Vodafone slammed by Privacy Commissioner

Vodafone failed to properly protect individuals’ data in its recent customer privacy debacle, the Privacy Commissioner has ruled.


In January a lost password is believed to have allowed online access to thousands of Vodafone customers’ private details, including credit card and call records.


The Privacy Commissioner decided Vodafone was negligent with its customer database, but pointed out that the security breach wasn’t as serious as initially reported.


It was first believed that log-in details and passwords were available via Vodafone’s website.


“We found that the claims that customer information was available on the web weren’t substantiated,” Privacy Commissioner Timothy Pilgrim said in a statement.


“(We) can find no evidence that this information was available on the internet or Vodafone’s website.”


Siebel, the customer management system used by Vodafone, has functions that can detect strange usage patterns of the system.


It found that employees were sharing log-ins, which made features designed to detect misuse redundant.


“I was particularly concerned by Vodafone’s use of shared log-ins and passwords for staff and the broad range of detailed personal information available to them,” Pilgrim says.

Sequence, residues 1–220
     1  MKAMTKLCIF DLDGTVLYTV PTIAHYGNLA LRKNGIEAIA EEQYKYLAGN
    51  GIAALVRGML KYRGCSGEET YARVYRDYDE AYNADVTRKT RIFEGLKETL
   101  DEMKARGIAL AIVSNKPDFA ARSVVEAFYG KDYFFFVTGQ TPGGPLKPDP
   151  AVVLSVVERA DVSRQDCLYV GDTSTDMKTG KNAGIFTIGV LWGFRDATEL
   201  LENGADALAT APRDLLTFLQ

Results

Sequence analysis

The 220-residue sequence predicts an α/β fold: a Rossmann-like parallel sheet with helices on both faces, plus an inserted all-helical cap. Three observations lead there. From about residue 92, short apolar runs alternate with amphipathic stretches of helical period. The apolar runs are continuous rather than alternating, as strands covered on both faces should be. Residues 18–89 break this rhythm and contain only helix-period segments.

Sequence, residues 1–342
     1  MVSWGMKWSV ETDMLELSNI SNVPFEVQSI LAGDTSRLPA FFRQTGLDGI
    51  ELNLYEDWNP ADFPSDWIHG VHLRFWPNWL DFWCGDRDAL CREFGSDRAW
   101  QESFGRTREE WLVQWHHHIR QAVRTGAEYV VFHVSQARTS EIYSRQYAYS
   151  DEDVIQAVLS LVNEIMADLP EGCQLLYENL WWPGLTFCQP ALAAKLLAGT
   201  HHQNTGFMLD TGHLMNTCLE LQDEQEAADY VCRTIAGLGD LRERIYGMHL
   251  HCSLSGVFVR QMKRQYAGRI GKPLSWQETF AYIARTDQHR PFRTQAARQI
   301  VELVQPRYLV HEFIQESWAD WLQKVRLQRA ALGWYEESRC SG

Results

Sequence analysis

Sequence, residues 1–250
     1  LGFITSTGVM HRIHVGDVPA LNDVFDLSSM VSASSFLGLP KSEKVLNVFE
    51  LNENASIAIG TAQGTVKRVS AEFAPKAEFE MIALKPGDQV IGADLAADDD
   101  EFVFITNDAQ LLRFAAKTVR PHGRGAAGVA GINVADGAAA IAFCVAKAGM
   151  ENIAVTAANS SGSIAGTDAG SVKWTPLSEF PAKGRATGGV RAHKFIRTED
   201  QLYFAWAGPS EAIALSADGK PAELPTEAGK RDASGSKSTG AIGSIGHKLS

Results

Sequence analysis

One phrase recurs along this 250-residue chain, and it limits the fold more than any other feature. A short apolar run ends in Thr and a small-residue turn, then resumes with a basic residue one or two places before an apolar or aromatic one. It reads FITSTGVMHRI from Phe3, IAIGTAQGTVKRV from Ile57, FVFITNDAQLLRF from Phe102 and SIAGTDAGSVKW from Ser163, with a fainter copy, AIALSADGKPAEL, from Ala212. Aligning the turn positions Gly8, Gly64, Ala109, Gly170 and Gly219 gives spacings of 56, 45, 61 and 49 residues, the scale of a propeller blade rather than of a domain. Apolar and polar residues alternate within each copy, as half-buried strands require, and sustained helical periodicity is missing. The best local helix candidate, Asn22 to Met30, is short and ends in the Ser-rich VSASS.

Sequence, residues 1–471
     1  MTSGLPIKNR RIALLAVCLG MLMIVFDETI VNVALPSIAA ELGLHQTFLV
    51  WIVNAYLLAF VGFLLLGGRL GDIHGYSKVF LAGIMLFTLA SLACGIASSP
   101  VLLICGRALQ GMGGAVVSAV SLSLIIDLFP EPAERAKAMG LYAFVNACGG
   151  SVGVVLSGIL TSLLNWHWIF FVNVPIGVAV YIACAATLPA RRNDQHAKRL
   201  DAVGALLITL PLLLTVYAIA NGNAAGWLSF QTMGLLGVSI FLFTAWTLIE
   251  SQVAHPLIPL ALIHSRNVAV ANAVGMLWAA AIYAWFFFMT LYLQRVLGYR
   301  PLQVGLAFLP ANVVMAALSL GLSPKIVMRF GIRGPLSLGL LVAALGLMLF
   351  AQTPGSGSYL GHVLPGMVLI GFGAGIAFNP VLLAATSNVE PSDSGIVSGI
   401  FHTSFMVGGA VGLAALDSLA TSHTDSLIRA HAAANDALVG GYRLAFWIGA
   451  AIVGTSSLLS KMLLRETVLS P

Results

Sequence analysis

Vodafone responded in a statement saying: “Any unauthorized access to the portal will be taken very seriously and would constitute a breach of employment or dealer agreement and possibly a criminal offence.”


Days after the initial allegations Vodafone fired an unspecified number of NSW employees who were believed to have caused the potential leaking of details.


Vodafone has promised to review its training and IT systems as well as resetting all passwords across its databases. Pilgrim was satisfied with changes being made by the telco.


“I would have to say that I did welcome the fact that Vodafone did deal with this promptly,” he says.


Pilgrim took the opportunity to hammer home the importance of online systems security to other businesses.


“All businesses must take their customers’ privacy seriously,” he said.


“Systems should be up-to-date and secure, and staff should only have access to the information necessary for their work.”


The findings come at an interesting time for Vodafone.


As well the privacy breaches and customer backlash over poor phone reception, Roy Morgan has released figures revealing that Vodafone is now rated second last (only in front of Dodo) as the worst internet service provider in terms of customer satisfaction.


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